Purpose: Racial minority populations are underrepresented in genomics research. This study enrolled African-descended individuals in a sequencing study and reported their characteristics.
Methods: We purposively recruited 467 individuals self-identified as African, African American, or Afro-Caribbean to the ClinSeq® study and surveyed them about knowledge, motivations, expectations, and traits. Summary statistics were calculated and compared with data from the study's original cohort, which was primarily White and self-referred.
Results: Recruitment took five years and 83% of enrollees completed the survey. Participants had modest knowledge about benefits and limitations of sequencing (x̅s = 5.1, ranges: 0-10), and less than the original cohort (x̅ = 7.5 and 7.7, respectively). Common motivations to enroll were learning information relevant to personal health (49%) or family members' health (33%), and most had realistic expectations of sequencing. Like the original cohort, they had high levels of optimism, openness, and resilience.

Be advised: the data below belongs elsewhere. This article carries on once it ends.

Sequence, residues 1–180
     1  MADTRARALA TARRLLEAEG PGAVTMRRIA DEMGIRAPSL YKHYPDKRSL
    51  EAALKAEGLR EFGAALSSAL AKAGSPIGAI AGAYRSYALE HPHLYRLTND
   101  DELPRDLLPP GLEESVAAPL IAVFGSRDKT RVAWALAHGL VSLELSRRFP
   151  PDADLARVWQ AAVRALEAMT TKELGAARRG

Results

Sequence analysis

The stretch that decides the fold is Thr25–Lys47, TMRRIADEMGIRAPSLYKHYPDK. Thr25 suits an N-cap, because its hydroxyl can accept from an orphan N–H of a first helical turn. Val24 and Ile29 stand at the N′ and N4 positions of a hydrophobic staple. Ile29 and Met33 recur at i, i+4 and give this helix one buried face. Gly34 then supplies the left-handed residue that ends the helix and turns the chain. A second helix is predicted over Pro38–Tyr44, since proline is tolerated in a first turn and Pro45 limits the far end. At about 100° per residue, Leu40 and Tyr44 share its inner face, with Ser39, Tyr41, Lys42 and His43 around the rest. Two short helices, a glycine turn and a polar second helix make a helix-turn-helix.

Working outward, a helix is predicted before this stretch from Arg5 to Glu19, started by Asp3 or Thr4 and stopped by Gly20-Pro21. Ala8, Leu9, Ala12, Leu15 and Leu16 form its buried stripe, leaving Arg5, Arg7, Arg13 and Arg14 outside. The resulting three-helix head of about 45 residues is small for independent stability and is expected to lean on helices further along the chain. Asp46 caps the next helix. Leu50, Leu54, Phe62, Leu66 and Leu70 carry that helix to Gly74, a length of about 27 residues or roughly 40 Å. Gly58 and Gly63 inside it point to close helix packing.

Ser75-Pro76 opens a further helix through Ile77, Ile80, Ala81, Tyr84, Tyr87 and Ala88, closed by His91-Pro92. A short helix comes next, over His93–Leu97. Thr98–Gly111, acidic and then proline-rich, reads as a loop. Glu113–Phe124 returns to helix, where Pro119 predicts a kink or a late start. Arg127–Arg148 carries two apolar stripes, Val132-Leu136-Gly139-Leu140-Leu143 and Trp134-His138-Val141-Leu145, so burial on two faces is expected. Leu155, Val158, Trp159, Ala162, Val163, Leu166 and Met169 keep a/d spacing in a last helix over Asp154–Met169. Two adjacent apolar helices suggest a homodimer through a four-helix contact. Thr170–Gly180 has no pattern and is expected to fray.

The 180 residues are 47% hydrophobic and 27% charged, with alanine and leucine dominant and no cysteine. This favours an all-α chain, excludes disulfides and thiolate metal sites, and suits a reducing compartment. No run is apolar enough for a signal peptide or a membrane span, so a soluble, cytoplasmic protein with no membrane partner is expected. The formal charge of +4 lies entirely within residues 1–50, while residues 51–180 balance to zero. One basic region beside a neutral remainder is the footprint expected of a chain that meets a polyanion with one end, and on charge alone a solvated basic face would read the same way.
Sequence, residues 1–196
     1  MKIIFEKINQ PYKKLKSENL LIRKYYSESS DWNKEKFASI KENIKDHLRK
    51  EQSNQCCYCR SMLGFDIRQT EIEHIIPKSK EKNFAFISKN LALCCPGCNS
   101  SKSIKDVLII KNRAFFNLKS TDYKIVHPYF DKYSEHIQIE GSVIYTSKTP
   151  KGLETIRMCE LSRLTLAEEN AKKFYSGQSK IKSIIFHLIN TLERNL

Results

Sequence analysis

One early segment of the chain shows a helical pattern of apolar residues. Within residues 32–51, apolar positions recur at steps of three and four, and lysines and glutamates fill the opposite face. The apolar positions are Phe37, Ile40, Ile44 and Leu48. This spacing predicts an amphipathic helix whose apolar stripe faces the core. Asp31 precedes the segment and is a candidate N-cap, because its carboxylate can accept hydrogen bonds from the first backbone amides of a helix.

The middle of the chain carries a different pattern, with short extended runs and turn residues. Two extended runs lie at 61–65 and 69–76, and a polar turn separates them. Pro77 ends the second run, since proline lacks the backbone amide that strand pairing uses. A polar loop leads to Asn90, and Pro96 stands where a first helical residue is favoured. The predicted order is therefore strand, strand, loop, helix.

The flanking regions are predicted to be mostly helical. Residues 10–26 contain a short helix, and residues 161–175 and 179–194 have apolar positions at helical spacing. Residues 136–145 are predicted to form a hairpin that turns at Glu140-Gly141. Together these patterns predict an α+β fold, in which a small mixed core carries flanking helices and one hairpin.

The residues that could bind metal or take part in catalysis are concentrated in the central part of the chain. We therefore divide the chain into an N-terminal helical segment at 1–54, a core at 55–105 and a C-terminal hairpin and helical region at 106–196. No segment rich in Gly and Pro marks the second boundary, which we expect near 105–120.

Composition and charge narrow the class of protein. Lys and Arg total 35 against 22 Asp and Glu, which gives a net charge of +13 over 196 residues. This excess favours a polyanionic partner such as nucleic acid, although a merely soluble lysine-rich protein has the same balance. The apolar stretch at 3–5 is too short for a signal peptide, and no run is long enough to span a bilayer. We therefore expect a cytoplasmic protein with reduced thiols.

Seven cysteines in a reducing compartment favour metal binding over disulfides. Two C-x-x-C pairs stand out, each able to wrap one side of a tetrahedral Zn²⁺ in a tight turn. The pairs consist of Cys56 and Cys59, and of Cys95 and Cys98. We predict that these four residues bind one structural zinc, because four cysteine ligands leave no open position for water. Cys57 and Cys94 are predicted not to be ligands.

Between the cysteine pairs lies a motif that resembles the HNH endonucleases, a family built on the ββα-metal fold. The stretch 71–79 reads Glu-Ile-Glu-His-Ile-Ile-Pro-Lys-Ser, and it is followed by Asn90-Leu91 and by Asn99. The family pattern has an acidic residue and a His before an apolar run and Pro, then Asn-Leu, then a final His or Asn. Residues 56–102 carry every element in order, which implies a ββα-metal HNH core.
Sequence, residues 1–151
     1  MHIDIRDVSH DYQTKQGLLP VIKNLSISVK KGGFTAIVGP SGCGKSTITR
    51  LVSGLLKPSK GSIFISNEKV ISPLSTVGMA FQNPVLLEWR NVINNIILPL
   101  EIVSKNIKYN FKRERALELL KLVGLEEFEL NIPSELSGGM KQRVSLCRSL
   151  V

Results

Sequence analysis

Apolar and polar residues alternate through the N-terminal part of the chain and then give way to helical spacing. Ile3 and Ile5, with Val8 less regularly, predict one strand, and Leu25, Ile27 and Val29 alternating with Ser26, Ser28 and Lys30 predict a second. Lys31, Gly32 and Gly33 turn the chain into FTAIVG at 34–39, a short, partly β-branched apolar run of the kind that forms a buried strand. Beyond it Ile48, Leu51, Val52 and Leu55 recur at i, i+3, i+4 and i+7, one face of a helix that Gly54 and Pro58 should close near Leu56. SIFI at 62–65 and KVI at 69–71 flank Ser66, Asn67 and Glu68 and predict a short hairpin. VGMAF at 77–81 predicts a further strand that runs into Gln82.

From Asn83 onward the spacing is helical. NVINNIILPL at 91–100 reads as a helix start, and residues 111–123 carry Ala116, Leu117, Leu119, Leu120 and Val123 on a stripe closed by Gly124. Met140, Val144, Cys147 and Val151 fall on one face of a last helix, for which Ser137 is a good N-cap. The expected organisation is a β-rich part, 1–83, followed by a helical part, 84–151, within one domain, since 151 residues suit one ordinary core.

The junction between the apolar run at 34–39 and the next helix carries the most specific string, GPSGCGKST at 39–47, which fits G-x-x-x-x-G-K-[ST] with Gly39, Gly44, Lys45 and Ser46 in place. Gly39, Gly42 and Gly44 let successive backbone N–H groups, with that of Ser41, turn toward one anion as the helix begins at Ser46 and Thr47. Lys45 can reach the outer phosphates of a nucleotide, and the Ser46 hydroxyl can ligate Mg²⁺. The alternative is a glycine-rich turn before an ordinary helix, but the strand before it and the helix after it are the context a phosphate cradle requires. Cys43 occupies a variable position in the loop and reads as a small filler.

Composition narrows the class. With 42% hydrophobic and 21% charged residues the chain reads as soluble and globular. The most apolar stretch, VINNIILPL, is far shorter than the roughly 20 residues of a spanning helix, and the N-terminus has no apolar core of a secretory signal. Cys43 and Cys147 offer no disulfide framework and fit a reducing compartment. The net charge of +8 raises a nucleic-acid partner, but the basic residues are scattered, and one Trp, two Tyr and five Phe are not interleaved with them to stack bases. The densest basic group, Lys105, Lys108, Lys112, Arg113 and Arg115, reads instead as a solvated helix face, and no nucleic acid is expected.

Conclusion: Early adopters may have relatively consistent personality traits irrespective of majority/minority status and recruitment methods, but high levels of genomics knowledge are not universal. Research should determine whether recruitment and consent procedures provide adequate education to promote informed choices and realistic expectations, which are vital to ethical research and increasing genomics research participation in underrepresented communities.
Keywords: diversity; early adopters; genome sequencing; informed choice; recruitment.